February 28, 2020

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Myanmar And Me: In Conversation with Joseph Stiglitz

Will Myanmar repeat the mistakes of global capitalism, or can it chart an approach better balanced with human and environmental needs?


By Elsie Maio, Founder, Humanity, Inc.

Myanmar (formerly Burma) is filling my geopolitical CSR radar screen. President Obama just came back from the first-ever trip by a U.S. head of state to that country, where he met with both Aung San Suu Kyi and Myanmar’s reform-minded president, Thein Sein.

In September, in his debut United Nations speech, President Sein made a media splash talking up democratic reforms that – his exact words – “could never be reversed.” He topped it by praising Aung San Suu Kyi, whom his country held under house arrest for more than a decade.

Within a few days of that speech, Myanmar again.

This time, it was at a meeting where Joe Stiglitz encouraged the opportunity to “get it right” in Myanmar’s emerging policy infrastructure. I’ve lately come to think of Joe as an Economist of the People. His new book, The Price of Inequality, has a down-to-earth style and appeals for a morally informed, practical basis for greater economic fairness.  See if you agree in this fun interview with Jon Stewart on The Daily Show.

Socially Responsible Companies Can Influence Myanmar’s Policies, Laws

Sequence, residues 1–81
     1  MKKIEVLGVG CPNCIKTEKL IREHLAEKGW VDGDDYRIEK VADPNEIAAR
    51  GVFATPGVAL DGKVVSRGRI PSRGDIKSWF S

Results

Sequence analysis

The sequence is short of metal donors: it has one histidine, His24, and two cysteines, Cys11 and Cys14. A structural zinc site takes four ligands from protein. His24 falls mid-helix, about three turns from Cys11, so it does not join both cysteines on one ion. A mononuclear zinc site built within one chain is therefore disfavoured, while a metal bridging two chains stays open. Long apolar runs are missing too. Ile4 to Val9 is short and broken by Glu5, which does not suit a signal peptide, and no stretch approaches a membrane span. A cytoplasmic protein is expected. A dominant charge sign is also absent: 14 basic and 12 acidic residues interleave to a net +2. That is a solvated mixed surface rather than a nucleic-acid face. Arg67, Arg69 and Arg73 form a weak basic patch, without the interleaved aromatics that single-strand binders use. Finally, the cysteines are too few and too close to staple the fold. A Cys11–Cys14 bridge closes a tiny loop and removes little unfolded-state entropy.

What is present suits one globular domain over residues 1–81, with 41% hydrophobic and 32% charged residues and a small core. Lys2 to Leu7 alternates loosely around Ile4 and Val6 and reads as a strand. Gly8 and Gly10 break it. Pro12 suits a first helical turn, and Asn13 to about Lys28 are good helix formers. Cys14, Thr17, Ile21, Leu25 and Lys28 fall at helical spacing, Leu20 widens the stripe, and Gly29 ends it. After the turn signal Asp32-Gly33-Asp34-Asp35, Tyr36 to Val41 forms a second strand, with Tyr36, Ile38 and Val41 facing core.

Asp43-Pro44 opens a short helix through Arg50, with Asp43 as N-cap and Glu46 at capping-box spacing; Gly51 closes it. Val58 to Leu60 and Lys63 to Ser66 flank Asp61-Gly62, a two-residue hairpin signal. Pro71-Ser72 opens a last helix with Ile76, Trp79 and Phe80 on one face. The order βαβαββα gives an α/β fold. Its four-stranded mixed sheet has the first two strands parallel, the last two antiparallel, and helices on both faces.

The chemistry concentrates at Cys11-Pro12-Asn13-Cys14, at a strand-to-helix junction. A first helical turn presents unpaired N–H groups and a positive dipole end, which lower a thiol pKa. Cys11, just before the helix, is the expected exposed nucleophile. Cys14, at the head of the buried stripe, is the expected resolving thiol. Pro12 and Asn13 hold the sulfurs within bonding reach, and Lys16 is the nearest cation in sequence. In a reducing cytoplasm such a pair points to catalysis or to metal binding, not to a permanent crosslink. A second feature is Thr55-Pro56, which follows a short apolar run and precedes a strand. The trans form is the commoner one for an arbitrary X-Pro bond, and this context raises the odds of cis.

I met Joe over coffee and danish at the UN Millennium Hotel, where Chair John Ruggie and the Institute for Human Rights and Business (IHRB) hosted a breakfast gathering in September. Joe said that at this formative stage of judicial and economic developments, “companies that are strong in social responsibility” could have an important influence on emerging investment policy and law for the Myanmarcountry. At this, IHRB’s Ruggie strongly recommended that adhering to the “U.S. Reporting Requirements for Responsible Investing in Burma” should be required for listing on the stock exchange.

When I asked Joe to describe the hallmarks of socially responsible companies, he pointed to several of his fellow panelists, who included representatives from GE and Coca-Cola, and what they had just described they are currently doing in Myanmar.

What I surmise they are doing is being very careful.